This article is part of our series, the ‘Great Indian Manufacturing’, in which we will reveal the historic success stories behind pioneering swadeshi items and brands that generations of Indians have loved through decades.
I was never very keen on visiting relatives.
The forcefully tight embraces that squeezed the life out of you and the dramatic display of love by pinching the cheeks till you squirm in pain—are integral parts of the annual visits to the extended family and friends—an event I dread even today.
However, like most things in life, there was one exception.
As far as my childhood memories would stretch, there was but one condition that my wide-eyed younger self would eagerly await when visiting a certain aunt—a tray of glasses filled with a crimson welcome that filled my soul with joy.
A few drops in still water, a twirl or two, and the rosy sweet wonder of refreshment was ready to titillate your senses into pure bliss.
That is how I remember the drink that travels back to the pages of my childhood—Rooh Afza.
As the world twirls into a frenzy on reports of its alleged disappearance from Indian markets, let’s rewind to see how this humble crimson-tinted syrup from Pakistan made its way into a million hearts in India.
An Elixir of the Soul
A concoction of herbs, fruits, flowers, vegetables and roots, Rooh Afza contains an array of natural ingredients like khurfa seeds (purslane), mint, grapes, carrots, watermelons, oranges, a touch of khus khus (poppy seeds), coriander, spinach, lotus, two kinds of lilies, keora, and finally, damask roses—all blend to perfection to create a ruby-tinted tonic. Over the years, this tonic found its popularity as a refreshment.
“When the motor car was on its way in and the horse buggy on its way out, Sharbat Rooh Afza was there,” an old newspaper ad would state.
Invented in 1907 by a practitioner of Unani and herbal medicine, Hakim Abdul Majeed, Rooh Afza (Persian for ‘Soothing to the Soul’) bears testimony to success, pain, loss and rebirth.
What was invented as a medicine in a small shop called Hamdard (meaning ‘close companion’ or ‘sympathiser in pain’) in the by-lanes of old Delhi, had become a sensation and a household name.
Just two tablespoons of the scarlet syrup into a glass of cool milk or plain water would be refreshing enough to bid adieu to the scorching heat of the city or even the sweltering winds in the desert.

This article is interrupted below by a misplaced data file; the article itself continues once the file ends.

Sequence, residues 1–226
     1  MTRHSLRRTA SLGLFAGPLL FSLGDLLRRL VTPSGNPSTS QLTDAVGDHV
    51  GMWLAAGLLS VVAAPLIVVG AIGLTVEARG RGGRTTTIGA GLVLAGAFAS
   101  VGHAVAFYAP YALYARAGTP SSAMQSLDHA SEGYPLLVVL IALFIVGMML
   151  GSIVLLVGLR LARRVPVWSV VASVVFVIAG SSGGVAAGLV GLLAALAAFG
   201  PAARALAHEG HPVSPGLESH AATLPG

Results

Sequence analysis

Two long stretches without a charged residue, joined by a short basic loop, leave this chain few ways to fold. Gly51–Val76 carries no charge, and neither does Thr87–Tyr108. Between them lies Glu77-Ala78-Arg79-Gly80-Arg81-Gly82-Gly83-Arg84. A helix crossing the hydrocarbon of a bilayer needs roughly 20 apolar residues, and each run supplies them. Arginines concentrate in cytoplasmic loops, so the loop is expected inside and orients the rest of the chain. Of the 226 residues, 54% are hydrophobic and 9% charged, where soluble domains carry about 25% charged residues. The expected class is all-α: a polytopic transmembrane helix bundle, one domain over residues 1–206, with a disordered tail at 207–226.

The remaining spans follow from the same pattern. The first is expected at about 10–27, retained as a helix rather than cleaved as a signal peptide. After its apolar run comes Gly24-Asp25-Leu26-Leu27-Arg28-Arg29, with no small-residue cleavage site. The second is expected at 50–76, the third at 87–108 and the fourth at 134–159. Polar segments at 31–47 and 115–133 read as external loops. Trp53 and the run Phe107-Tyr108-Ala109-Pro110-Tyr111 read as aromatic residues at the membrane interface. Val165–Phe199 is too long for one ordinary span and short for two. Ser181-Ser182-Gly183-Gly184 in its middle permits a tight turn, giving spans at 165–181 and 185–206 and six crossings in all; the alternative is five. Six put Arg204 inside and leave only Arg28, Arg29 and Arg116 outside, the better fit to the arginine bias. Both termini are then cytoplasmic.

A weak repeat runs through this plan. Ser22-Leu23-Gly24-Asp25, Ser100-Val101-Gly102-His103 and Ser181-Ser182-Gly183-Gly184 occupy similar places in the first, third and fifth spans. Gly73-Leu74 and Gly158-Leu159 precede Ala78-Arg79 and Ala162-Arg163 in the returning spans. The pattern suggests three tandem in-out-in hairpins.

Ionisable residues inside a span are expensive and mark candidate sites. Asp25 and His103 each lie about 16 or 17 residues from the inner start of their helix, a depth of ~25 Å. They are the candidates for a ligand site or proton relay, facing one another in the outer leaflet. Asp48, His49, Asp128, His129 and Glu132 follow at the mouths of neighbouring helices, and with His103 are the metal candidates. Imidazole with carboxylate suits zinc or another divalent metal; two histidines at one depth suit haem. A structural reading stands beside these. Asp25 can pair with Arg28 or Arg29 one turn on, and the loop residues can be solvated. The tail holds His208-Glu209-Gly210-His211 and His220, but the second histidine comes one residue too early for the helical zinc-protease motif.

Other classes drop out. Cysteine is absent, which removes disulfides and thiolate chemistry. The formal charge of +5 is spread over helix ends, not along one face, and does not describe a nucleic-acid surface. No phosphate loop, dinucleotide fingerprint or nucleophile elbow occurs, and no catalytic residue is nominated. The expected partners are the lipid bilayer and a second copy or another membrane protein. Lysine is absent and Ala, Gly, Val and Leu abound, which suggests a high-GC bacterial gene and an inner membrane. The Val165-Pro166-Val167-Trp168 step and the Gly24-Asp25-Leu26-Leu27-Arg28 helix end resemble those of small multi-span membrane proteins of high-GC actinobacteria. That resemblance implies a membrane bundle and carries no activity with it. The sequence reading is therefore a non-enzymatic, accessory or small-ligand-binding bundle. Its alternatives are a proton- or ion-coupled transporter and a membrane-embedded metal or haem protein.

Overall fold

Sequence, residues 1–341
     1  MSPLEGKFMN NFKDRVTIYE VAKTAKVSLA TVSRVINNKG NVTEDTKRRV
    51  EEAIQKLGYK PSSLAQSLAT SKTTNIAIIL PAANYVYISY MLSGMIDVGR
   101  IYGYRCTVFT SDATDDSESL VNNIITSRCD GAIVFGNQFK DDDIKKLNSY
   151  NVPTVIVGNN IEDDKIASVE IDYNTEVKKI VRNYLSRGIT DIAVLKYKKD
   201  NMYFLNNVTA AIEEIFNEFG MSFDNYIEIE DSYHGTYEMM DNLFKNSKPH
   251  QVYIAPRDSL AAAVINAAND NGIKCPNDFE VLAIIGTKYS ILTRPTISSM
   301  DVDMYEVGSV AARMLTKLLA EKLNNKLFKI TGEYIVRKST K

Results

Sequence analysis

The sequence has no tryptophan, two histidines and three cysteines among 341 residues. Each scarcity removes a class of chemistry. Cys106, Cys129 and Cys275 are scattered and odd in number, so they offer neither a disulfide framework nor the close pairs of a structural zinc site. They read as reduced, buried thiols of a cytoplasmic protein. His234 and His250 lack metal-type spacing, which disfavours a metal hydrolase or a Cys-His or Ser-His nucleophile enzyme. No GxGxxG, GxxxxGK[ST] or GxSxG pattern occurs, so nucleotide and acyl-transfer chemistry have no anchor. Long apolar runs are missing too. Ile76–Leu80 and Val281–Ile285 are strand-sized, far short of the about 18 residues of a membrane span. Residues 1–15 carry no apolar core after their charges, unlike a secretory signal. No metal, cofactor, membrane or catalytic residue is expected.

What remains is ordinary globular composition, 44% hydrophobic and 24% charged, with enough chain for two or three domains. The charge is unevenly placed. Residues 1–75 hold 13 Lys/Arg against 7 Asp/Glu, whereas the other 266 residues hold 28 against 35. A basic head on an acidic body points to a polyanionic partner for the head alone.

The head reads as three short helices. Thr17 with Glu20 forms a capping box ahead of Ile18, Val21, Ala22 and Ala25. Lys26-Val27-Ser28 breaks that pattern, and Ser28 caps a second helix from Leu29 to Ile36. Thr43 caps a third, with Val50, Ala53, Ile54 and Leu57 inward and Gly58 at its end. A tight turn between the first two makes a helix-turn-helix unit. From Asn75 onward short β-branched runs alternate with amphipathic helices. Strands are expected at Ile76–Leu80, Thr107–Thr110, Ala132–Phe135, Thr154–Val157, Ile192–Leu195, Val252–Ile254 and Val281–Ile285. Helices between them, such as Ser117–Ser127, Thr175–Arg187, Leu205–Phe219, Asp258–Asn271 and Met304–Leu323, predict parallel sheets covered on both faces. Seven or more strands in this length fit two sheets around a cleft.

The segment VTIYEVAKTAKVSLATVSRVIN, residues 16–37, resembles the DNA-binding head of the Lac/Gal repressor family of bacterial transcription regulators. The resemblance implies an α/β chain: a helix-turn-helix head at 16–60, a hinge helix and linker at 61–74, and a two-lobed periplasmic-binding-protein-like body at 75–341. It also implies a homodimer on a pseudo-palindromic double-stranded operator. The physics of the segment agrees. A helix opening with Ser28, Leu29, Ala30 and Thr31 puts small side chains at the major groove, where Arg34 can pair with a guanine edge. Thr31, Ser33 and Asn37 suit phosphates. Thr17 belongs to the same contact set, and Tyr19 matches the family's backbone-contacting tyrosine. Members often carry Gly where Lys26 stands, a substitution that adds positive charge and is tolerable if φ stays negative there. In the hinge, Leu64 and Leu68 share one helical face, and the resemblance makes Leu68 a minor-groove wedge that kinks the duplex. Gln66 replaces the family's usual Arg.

Packed in a wine bottle and wrapped in labels designed by artist Mirza Noor Ahmad and printed by Bolton Press of the Parsees of Bombay (Mumbai), it had a prosperous 40-year run, travelling as far as Afghanistan, until the call of Partition.
“God’s carotid burst open on the new border between India and Pakistan and a million people died of hatred. Neighbours turned on each other as though they’d never known each other, never been to each other’s weddings, never sung each other’s songs. The walled city broke open. Old families fled (Muslim). New ones arrived (Hindu) and settled around the city walls. Rooh Afza had a serious setback, but soon recovered and opened a branch in Pakistan. A quarter of a century later, after the holocaust in East Pakistan, it opened another branch in the brand-new country of Bangladesh,” writes Arundhati Roy in her 2017 book, The Ministry of Utmost Happiness.
The resurrection of Indo-Pak Hamdard(ee)
Stories of separation during the partition had become commonplace. Abdul Majeed’s family was no exception.
Although his 14-year-old son Abdul Hameed had taken over the business after Majeed passed away in 1922, and carried it to newer heights, the partition left behind a gaping hole, in the family as well as the company. Like thousands, the family was ripped apart, and Abdul and Said were separated.
Said, leaving behind the manufacturing plant and office to the workers in Bangladesh, went to Pakistan to pick up the pieces and restart the company from scratch. A local pharmaceutical-turned-refreshment company had evolved into a national welfare organisation called the Waqf by 1953. It is presently manufacturing under the name of Hamdard (Waqf) Laboratories in Pakistan, India and Bangladesh.
Rooh Afza has witnessed wars, the ‘bloody birth of three new countries’ and even been challenged by foreign beverage companies as well as other homegrown alternatives.
— Kavita Datta (@kavitadatta_) May 8, 2019
Yet, to this day, the memory of the sweet ruby tonic of goodness lingers on, as many associate it with the month of Ramadan.
“It has become a tradition. Grandmothers and mothers prefer to serve Rooh Afza during Ramadan, not just because of its refreshing qualities but also because it is a natural drink. Years of trust and childhood memories are intertwined with this rosy drink which is far more valuable,” shares Saiqua Sultan, a colleague at The Better India, capturing the true essence of the ruby refreshment of nostalgia!
(Edited by Shruti Singhal)
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